Here at the Center, we spend a lot of time thinking about how our members can make the good work they do in CSR go even further. We scan research publications in the management and social sciences disciplines related to corporate citizenship, work with some of the top thinkers in the field, and conduct our own research to provide our more than 400 members with the insights that help drive business and social value.
With submissions from 58 companies and more than 40,000 individuals casting votes, this year’s International Corporate Citizenship Film Festival attracted an enormous amount of attention to stories of successful corporate citizenship programs. Now the voting has closed and the results are in. Each finalist video, based on popular vote, offers a unique perspective, touching on important issues within both the CSR field and our communities.
Environmental, social, and governance (ESG) programs are only as strong as the data they are built on. That’s why the most effective corporate citizenship professionals consistently gather, evaluate, and measure all available data to create initiatives that are tied to business strategy and leverage the skills and expertise of their colleagues. They set daring goals complete with milestones and targets. They are aware of all affected stakeholders and know how to reach them. They know what resources are available and which are needed for success. They continually assess, modify, and improve their efforts based on the most recent data to achieve the most business and social value possible.
Creating public-private partnerships in corporate citizenship is rarely easy. Scorecards, conference calls, memoranda of understanding, and that’s before you’ve even begun the actual project. So why are CSR professionals seeking more partners, further collaboration, and more strategic alignment?
One of the biggest reasons is because stakeholders, especially consumers, are noticing who your partners are and examining the details of your work together. A 2010 Nonprofit Marketing Trend Tracker survey found that 60 percent of respondents indicated that they actively seek partnership details before supporting a cause and 75 percent of American consumers reported that they wanted to hear about the results of a corporate citizenship partnership, including the effect on the social issue or money raised for the cause.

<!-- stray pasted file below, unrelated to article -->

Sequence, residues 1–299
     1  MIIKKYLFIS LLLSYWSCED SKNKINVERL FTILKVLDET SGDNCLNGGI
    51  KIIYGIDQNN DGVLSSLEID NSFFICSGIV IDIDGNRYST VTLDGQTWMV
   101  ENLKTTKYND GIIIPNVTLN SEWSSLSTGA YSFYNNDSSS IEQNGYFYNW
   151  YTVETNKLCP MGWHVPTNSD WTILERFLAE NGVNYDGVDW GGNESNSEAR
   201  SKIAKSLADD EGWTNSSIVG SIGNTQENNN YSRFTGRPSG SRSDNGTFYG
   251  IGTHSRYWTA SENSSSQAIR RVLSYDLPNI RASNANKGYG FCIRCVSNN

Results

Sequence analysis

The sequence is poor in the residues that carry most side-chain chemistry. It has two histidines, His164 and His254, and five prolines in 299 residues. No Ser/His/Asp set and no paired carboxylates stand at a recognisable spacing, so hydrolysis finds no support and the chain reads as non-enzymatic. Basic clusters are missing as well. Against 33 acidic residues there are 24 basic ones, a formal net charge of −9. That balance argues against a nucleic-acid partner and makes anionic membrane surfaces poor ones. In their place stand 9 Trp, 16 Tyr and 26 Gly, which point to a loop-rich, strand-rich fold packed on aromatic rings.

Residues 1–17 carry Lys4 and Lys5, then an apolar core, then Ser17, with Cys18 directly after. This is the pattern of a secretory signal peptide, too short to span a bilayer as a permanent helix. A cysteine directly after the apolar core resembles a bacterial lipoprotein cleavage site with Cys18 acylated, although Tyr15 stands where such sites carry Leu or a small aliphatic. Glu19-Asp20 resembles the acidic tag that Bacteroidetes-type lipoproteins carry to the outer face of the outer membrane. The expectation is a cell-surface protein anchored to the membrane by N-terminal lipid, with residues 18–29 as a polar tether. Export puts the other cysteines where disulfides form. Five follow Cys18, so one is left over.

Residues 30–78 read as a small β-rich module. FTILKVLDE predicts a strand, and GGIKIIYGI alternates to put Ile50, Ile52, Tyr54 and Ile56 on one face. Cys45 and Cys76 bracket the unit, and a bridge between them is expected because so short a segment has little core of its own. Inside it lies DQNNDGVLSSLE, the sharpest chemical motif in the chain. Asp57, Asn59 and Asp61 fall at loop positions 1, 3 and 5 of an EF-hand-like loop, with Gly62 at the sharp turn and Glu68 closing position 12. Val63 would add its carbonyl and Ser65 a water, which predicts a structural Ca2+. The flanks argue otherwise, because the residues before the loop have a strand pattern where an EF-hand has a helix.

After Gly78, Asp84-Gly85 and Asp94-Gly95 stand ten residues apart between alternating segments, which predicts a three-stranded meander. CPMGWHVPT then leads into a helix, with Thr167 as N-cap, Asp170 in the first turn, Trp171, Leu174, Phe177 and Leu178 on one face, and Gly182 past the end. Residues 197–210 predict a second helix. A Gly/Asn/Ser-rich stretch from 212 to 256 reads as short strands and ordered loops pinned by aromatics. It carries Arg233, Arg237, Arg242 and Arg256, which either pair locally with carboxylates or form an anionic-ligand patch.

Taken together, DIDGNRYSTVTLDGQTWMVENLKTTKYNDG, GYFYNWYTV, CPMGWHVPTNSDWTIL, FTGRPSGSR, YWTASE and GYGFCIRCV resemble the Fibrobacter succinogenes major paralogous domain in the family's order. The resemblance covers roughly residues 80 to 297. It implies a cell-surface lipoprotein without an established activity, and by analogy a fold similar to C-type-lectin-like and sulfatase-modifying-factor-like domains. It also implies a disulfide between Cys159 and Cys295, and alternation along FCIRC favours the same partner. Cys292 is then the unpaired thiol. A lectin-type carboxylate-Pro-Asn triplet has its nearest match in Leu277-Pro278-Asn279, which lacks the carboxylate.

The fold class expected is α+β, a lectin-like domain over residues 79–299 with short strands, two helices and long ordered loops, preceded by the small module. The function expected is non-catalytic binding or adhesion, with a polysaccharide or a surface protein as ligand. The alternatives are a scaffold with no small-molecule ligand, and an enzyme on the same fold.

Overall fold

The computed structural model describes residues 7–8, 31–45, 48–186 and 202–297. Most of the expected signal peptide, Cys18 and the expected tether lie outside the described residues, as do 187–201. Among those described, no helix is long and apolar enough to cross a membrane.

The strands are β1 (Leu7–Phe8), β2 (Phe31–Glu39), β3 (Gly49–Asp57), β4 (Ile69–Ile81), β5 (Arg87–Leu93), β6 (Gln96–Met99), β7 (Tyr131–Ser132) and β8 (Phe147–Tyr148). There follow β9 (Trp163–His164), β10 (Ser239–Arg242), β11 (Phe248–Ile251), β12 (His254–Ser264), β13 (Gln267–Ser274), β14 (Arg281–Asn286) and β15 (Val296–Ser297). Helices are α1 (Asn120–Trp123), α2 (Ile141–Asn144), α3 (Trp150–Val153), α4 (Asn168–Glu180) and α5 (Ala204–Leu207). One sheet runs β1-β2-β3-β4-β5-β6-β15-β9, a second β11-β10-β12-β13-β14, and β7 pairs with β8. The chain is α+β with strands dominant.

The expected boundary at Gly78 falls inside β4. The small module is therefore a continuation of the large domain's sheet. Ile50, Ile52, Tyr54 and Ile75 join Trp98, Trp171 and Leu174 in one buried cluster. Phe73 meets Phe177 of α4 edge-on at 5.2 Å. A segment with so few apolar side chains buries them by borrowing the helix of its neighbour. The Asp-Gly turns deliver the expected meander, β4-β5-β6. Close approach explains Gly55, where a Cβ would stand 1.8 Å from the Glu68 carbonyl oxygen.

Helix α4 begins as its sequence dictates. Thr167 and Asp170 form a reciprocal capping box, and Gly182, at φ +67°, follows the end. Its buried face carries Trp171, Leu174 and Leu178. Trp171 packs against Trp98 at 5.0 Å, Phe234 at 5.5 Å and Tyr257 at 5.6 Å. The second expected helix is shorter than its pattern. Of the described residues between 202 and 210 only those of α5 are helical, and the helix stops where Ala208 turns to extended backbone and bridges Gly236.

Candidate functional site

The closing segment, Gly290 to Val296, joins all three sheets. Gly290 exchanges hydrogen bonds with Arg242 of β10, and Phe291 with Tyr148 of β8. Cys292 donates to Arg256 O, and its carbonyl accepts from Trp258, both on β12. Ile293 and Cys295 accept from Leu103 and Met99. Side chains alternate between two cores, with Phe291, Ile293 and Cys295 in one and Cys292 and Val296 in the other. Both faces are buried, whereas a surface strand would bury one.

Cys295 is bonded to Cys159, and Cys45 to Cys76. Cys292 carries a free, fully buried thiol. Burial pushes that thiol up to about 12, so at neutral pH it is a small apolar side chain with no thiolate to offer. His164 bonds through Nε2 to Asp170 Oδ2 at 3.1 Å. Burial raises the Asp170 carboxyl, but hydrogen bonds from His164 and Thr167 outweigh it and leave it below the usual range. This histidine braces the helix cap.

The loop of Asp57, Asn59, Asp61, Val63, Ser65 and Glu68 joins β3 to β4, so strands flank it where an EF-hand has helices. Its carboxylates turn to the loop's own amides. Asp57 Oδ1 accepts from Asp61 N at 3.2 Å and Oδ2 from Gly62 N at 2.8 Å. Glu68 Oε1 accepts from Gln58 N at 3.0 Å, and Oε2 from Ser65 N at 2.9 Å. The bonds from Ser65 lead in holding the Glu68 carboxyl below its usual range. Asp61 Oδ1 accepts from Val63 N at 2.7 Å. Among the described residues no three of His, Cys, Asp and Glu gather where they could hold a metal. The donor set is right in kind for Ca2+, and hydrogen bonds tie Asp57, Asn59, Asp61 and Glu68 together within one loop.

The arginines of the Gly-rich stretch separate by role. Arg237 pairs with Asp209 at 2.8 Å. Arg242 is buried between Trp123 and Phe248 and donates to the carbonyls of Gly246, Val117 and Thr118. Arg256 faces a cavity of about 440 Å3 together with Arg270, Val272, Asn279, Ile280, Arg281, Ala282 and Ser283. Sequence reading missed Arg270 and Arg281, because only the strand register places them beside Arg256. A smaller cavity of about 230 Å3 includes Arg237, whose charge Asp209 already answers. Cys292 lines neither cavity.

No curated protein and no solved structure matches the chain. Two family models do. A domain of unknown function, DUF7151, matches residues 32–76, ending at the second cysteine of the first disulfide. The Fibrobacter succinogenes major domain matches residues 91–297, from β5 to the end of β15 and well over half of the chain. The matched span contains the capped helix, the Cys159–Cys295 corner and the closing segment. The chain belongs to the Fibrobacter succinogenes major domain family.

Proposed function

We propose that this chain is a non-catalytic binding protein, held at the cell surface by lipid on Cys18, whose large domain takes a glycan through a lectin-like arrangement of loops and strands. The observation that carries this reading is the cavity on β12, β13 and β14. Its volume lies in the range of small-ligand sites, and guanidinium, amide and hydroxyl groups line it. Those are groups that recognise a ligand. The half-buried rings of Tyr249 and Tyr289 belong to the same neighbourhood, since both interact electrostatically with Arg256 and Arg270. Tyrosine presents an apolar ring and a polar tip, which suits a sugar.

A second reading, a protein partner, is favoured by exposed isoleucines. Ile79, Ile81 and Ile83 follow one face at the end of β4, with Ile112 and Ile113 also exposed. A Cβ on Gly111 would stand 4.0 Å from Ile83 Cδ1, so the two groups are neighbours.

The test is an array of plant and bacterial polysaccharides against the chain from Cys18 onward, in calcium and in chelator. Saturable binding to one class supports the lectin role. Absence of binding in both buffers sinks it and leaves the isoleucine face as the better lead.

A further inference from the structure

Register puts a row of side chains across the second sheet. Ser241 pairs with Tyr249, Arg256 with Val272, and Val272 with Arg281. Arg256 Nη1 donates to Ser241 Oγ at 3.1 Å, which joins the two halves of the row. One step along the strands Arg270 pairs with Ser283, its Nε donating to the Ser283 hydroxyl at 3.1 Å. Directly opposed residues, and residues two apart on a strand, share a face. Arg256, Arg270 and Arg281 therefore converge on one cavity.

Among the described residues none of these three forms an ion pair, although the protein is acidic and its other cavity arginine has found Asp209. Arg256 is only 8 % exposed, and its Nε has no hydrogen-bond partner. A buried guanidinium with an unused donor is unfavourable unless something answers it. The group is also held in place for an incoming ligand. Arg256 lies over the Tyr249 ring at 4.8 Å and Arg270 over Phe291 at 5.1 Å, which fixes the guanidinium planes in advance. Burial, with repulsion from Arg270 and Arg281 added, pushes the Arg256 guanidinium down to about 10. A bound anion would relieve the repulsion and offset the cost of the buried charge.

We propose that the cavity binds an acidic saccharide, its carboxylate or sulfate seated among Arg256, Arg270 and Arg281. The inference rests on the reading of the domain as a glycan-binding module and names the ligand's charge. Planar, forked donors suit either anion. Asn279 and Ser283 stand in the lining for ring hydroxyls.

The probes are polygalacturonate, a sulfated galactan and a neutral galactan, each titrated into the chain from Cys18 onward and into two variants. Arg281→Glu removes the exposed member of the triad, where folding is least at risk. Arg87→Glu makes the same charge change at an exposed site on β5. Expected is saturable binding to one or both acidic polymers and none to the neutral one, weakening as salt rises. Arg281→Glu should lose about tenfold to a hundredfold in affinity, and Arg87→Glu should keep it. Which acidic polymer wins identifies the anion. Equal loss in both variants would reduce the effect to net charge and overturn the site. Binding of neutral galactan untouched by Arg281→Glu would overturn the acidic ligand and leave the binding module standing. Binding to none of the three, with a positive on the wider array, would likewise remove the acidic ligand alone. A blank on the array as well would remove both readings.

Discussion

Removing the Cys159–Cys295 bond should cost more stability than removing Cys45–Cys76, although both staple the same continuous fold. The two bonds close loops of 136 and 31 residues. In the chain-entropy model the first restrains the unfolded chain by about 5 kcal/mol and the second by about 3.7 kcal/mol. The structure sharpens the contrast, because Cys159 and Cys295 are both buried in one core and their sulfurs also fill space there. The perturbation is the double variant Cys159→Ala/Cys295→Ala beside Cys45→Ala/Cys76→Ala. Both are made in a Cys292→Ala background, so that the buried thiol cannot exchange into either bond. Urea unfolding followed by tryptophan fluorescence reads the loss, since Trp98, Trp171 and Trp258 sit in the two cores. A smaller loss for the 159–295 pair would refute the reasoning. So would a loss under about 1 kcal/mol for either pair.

Earlier this month I was in Denver with the Center’s Community Involvement Roundtable. As always, it was a dynamic two days filled with animated discussion, shared challenges, and best practices. Much of our focus for this recent meeting was engaging employees across the professional spectrum, from new hires to pre–retirees, though the conversation extended to retirees as well. This focus on employee engagement is not surprising, as the majority of executives surveyed in the Center’s forthcoming 2014 State of Corporate Citizenship study reported that recruiting and retaining employees are important business goals that are aided by the contribution of corporate citizenship.
In America, heart disease  is the #1 killer, taking more lives each year than all cancers combined. And although diseaseprevalence is similar across genders and ethnicities, awareness of risk factors and disparity in treatment rates are not. Close the Gap, a Boston Scientific educational initiative, was established in 2006 to address disparities in cardiovascular care for the underserved patient populations of women, African Americans, and Hispanic/Latino Americans. Initially focused solely on cardiovascular health, Close the Gap recently expanded its mission to address healthcare disparities that exist in other disease states, including asthma, colon cancer and pancreatic cancer.[2-5]
Synopsys Inc., a leading innovator in the global electronics market, empowers employees to organize and participate in volunteer projects that match their individual interests and giving priorities. Through its Synopsys Shares program, the company maximizes its positive societal impact while supporting the diverse passions of its employees by granting them the flexibility to choose activities that closely align with their values and the needs of the local community. Megan McDow, community affairs manager, answered a few questions about the program.